bauhaus imaginista in São Paulo Who Learns from Whom?

Exhibition opening and symposium of bauhaus imaginista in São Paulo
Exhibition opening and symposium of bauhaus imaginista in São Paulo | Photo: Danila Bustamante

After stops in Morocco, China, the USA and Tokyo, the large-scale project bauhaus imaginista can now be seen in Brazil in an exhibition at the SESC Pompeia and a symposium at the Goethe-Institut São Paulo.

The third and next to last part of the mammoth global project bauhaus imaginista is making a stop in São Paulo under the title “Learning from...”. The title was borrowed from the documenta 14, which aimed to learn from Athens, but here in São Paulo it asks how modernism was inspired by “pre-modern” cultures. And since modernism is unthinkable without this appropriation – just as Picasso is unthinkable without African masks – Bauhaus teachers and students were also always very interested in the materials, techniques and craftsmanship of “primitive” cultures. Many of its ideas were gleaned from the collections of Europe’s ethnological museums. As a result of the emigration that many Bauhaus members were forced to undertake during the Nazi era, further influences were added from their countries of exile. The exhibition at the SESC Pompeia in São Paulo shows the various ways that individual Bauhaus artists reacted to these experiences, but also the modern movements that emerged in North Africa, Brazil and North America, which, like the Bauhaus, pursued a synthesis of craftsmanship, art and design.

In São Paulo, bauhaus imaginista asks how modernism got its inspiration from “pre-modern” cultures In São Paulo, bauhaus imaginista asks how modernism got its inspiration from “pre-modern” cultures | Photo: Danila Bustamante A few objects, such as ceramics or woven rugs, are shown under glass, while others stand openly, such as Lina Bo Bardi’s three-legged seat, a construction of three two-metre-high wooden poles, which she copied, photographed, documented, measured and recreated from the native people. In addition, there are numerous video documentations such as a film in which we see the Bauhaus student and ceramic artist Marguerite Wildenhain creating a pitcher. Wildenhain fled from the Nazis to the US, where she settled at Pond Farm, an artist colony founded by Gordon and Jane Lord in northern California as a utopian model of communal living, which combines art, work, teaching and agriculture.

The bauhaus imaginista exhibition at the SESC Pompeia São Paulo The bauhaus imaginista exhibition at the SESC Pompeia São Paulo | Photo: Danila Bustamante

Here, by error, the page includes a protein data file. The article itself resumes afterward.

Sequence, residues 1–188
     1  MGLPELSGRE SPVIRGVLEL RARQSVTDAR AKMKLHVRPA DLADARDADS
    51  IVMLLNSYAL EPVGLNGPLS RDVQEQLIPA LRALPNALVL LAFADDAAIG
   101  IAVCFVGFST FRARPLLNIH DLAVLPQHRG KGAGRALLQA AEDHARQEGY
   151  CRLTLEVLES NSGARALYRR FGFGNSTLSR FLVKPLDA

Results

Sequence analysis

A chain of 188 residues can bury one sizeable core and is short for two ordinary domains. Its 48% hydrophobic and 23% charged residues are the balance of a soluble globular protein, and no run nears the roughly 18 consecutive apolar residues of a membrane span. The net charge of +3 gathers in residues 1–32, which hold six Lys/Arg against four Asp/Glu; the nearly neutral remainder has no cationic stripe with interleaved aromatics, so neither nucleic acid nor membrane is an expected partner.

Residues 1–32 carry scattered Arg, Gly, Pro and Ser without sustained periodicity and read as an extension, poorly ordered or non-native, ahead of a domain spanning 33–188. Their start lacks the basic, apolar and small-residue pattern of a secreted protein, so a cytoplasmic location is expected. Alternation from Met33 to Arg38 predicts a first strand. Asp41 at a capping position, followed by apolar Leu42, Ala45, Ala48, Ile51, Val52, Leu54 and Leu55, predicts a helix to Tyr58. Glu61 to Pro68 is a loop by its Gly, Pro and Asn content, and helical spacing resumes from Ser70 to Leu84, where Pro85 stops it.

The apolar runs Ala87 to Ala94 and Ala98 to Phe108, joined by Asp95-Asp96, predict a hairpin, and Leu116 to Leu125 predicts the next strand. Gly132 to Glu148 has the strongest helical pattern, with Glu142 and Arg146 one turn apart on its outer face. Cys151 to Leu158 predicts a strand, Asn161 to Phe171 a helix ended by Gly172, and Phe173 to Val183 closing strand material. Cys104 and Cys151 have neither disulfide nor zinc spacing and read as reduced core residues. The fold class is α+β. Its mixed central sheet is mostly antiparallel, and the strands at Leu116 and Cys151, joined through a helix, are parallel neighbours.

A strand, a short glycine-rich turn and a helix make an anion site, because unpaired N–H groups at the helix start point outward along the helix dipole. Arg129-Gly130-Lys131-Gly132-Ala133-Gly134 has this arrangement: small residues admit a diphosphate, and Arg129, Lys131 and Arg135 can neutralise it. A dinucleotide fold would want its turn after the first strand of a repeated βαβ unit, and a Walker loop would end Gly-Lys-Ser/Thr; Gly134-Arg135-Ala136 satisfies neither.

It all beings with a drawing by Klee

The starting point of the exhibition is the small 1927 drawing “Carpet” by Paul Klee. In it, Klee, who taught a weaving class at the Bauhaus, reveals his enthusiasm for North African interiors, ornaments and abstractions that he encountered on a trip to Tunisia. He doesn’t copy them, but translates them into something new. Klee, who travelled under colonial conditions, is confronted in the exhibition with the Casablanca group, a collective around the artist Farid Belkahia. In 1962, the collective, as the offspring of those who may have previously inspired the Bauhaus artists with their crafts, founded the School of Fine Arts in Casablanca (six years after Morocco’s independence from France). Their goal was now to re-recognise the local crafts and see pre-colonial art in a new context.

The bauhaus imaginista exhibition at the SESC Pompeia São Paulo The bauhaus imaginista exhibition at the SESC Pompeia São Paulo | Photo: Danila Bustamante

What was omitted

This is also the aim of the Des-Habitat project by the architect Paulo Tavares, who, in a new edition of Habitat magazine – originally published in the 1950s by Lina Bo Bardi – attempts to release the portrayal of indigenous peoples and art from their colonial context and show what was omitted from the original edition.
The exhibition, with all its critical implications, reveals one thing above all: the desire of European Modernism to look at other, traditional cultures in search of inspiration, but usually without considering traditional art as independent art.

Cultural Appropriation

At the symposium on Cultural Appropriation, the sociologist Laymert Garcia Dos Santos offered an interesting outlook on future debates on the subject, saying, “Today we have some indigenous artists who want to be recognised by the local art system. They want to be a part of it, but at the same time, they say, ‘We don’t need to ask you for access because our ideas were adopted by you. And now we are going to reverse this appropriation, that is, “re-appropriate” our ideas in order to be perceived as artists.’”

The bauhaus imaginista exhibition at the SESC Pompeia São Paulo The bauhaus imaginista exhibition at the SESC Pompeia São Paulo | Photo: Danila Bustamante